Notwithstanding the foregoing, if the monthly Service Availability is less than 99.00% in any two (2) consecutive calendar months or three (3) times in any consecutive six (6) month calendar period (each a “Triggering Event”) Customer shall have thirty (30) days from the last day of the month in which the Triggering Event occurred to terminate the Services for cause by providing thirty (30) days written notice of termination. Upon receipt of a proper notice of termination, Aria shall provide Customer up to thirty (30) days of continued Services (“Transition Services”) and all fees and credits called for under the Agreement shall be in full force and effect during the Transition Services period.
IP Telephony System Architecture
While organizations can take many steps to secure their network infrastructure prior to deploying IP telephony, choosing a phone system that is inherently secure is a critical success factor. Security is inherent in the Aria system because of its fundamental architecture, including an embedded platform, distributed intelligence, and
network-independent call control.
Aria call control runs on Cisco operating system, which is the leading embedded operating system in the market. The new Aria Cisco run call control, voice mail and automated attendant on an embedded Linux operating system. All this runs on the Cisco voice switches, which are embedded devices with no moving parts other
than a fan. Altogether, Cisco voice switches deliver five-nines of availability (99.999%).
IT managers should be wIPary of systems that use Microsoft Windows for call control for obvious security reasons. Given the frequency of vulnerabilities discovered on Microsoft Windows platforms and the never-ending cycle of patching, relying on a Microsoft Windows-based IP telephony system creates a significant security risk.
IT managers should also be wary of systems that rely on server-based systems with hard disk inside their call- control platforms, because the disk is the least reliable system element and will not deliver five-nines of availability.
Aria call control is completely distributed and has no single point of failure. Since there is no single device involved with the basic telephony, the system delivers
levels of availability unmatched by even legacy PBX vendors. As with the Internet itself, its distributed nature makes it impossible to take down the entire network.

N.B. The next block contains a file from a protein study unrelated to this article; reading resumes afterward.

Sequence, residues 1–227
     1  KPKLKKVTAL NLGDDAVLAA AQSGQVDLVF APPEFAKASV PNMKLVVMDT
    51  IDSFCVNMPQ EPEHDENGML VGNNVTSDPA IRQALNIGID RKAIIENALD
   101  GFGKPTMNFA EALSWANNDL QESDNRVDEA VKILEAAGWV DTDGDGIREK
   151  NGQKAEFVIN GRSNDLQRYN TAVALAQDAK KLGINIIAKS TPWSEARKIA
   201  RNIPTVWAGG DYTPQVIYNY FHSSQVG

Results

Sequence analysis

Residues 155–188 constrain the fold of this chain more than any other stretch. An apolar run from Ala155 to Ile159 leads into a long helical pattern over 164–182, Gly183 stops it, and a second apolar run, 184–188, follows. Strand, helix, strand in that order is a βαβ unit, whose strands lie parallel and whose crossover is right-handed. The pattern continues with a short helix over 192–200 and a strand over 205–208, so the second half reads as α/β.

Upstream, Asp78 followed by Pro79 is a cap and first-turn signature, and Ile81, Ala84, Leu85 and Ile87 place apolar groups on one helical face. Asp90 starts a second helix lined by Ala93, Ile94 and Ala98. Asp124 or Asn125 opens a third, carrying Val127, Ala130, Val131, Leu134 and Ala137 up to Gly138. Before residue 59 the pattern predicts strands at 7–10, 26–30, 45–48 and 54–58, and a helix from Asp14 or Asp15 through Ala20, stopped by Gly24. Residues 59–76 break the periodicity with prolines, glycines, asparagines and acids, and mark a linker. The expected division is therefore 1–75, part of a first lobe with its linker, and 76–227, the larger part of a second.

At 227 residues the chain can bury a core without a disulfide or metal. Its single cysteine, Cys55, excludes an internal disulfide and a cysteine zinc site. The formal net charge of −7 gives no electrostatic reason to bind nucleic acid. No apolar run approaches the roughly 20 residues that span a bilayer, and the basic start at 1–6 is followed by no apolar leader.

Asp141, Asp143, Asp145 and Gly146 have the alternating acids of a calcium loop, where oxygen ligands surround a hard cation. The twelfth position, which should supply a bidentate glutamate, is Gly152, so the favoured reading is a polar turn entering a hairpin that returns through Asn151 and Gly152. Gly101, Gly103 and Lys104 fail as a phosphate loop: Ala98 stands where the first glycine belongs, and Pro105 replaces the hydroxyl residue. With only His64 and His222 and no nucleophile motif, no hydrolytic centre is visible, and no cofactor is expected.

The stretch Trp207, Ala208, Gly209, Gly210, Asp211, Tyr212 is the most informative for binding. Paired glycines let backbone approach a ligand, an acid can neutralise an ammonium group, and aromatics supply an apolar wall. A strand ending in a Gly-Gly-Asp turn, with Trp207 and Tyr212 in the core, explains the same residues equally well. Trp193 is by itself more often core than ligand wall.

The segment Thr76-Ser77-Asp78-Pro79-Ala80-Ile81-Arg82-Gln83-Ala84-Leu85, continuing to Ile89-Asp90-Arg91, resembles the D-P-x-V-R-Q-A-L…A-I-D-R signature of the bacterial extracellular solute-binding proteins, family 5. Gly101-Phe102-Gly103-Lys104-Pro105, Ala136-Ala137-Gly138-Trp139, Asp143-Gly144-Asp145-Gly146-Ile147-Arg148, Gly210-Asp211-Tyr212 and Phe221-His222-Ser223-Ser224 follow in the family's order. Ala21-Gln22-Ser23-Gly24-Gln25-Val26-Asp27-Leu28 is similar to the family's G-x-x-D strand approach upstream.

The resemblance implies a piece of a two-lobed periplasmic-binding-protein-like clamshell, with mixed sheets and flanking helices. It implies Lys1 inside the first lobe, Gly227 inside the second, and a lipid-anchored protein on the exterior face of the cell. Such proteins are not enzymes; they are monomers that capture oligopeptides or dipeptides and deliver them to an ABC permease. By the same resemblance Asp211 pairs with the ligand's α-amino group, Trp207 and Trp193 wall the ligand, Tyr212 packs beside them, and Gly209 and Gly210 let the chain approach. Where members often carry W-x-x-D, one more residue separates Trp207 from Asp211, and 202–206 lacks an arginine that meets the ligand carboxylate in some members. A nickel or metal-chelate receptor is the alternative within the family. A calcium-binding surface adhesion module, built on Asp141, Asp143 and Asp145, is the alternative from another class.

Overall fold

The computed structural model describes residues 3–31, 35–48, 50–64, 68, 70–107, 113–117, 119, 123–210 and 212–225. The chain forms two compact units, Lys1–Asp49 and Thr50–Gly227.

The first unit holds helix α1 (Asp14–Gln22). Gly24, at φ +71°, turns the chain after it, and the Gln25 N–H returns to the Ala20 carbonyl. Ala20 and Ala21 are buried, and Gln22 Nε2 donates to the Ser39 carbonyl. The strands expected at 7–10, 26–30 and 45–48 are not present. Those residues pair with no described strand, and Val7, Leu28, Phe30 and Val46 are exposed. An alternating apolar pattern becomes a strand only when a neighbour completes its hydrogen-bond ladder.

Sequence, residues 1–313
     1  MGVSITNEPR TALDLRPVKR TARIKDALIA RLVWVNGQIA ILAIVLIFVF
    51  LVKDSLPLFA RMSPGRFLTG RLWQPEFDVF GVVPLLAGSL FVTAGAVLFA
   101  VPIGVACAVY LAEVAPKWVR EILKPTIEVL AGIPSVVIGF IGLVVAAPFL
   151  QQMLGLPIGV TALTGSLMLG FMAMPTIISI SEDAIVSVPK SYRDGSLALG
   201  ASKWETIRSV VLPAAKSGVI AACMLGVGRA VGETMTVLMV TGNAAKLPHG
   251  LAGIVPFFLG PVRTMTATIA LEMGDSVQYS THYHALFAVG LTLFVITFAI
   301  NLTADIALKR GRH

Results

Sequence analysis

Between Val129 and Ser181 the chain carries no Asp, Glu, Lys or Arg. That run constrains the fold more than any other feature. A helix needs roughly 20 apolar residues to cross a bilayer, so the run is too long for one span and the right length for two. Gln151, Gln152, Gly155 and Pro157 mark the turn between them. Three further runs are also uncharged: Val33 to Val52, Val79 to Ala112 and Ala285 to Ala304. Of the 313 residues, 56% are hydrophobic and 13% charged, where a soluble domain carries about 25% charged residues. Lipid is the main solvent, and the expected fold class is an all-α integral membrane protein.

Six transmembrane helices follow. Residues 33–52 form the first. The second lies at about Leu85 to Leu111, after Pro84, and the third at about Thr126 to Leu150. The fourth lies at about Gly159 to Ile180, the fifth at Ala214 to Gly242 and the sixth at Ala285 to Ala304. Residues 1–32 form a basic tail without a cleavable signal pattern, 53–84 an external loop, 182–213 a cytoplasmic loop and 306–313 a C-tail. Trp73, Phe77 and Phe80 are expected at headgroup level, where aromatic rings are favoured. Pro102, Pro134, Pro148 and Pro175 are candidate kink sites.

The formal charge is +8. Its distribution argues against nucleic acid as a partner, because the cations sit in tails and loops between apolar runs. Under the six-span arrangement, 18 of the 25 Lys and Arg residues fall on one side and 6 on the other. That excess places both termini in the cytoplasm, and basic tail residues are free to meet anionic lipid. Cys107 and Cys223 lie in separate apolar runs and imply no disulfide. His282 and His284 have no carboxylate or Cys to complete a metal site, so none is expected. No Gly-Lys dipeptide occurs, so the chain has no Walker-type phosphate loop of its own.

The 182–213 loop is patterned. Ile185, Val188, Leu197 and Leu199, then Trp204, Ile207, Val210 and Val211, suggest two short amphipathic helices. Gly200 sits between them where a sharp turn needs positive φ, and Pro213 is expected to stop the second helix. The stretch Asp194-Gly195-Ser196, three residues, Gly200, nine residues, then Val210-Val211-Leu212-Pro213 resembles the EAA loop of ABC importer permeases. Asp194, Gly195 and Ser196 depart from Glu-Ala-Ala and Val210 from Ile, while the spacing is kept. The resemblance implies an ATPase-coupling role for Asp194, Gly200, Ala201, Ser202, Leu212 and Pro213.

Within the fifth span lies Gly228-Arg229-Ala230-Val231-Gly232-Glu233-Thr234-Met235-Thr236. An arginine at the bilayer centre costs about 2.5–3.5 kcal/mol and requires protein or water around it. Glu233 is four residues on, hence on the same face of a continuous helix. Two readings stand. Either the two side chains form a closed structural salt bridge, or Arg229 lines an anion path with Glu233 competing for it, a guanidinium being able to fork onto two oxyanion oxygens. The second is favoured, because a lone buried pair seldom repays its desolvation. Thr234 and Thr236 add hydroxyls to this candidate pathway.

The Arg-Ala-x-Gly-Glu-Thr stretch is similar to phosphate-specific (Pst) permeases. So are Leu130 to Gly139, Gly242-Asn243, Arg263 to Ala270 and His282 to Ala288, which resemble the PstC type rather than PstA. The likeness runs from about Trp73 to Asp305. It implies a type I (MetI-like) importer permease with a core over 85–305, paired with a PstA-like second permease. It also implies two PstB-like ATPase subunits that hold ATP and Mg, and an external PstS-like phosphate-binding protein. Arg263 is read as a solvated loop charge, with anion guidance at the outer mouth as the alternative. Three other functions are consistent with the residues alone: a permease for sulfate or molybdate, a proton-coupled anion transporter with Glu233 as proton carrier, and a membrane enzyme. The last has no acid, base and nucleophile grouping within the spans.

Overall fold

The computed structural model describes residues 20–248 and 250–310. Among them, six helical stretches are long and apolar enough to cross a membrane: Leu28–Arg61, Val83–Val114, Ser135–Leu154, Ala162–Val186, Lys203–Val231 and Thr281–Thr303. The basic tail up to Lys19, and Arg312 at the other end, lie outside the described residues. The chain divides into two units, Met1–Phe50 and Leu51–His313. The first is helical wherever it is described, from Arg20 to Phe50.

Aria also supports N+1 redundancy on a site basis as well as a system wide basis. For instance, if you need 10 Cisco voice switches, you simply add an 11th device anywhere on the network. In the event a Cisco is lost, the spare Cisco will automatically pick up the load. IP phones affected will automatically re-register with the new Cisco voice switch. If a phone call is in progress, the call will remain up until the user hangs up and only at that point will the phone re-register. Larger accounts often design N+2 redundancy by placing one spare Cisco at headquarters and another spare Cisco at a disaster recovery site.
In addition to call control being distributed, voice mail and automated attendant are distributed to Cisco voice switches as well. In fact, all the applications including voice mail, automated attendant, unified message, unified communications, operator consoles, FTP hosts and mobility services can be distributed across the network. This off-loads the wide area network of traffic as well as provides remote survivability.
If a WAN outage occurs, sites run independently. PSTN failover ensures that workers can still take calls and even retain features like four-digit dialing among offices in the event of a WAN outage. Outbound calls, including 911 calls, can still be placed via trunk lines since each location has telephones, trunks, and the intelligence to make and take calls. In the unlikely event a Cisco voice switch fails, the other switches on the network automatically take on the call-processing load.
Approaches that centralize PBX intelligence into a server inherently impact system reliability and are more vulnerable to system-wide outages because of an attack.
• Network Independent Call Control
Aria call control is independent of many networking elements. With Aria, if a router crashes or becomes congested because of data traffic from worms, viruses or DoS attacks, the system continues to operate since it is distributed and runs on embedded devices dedicated to telephony.
IP telephony systems that are integrated with the router are inherently more vulnerable to network-based attacks. Worms, viruses and DoS attacks can simultaneously cripple voice and data communications when the router is compromised since it represents a single point of failure.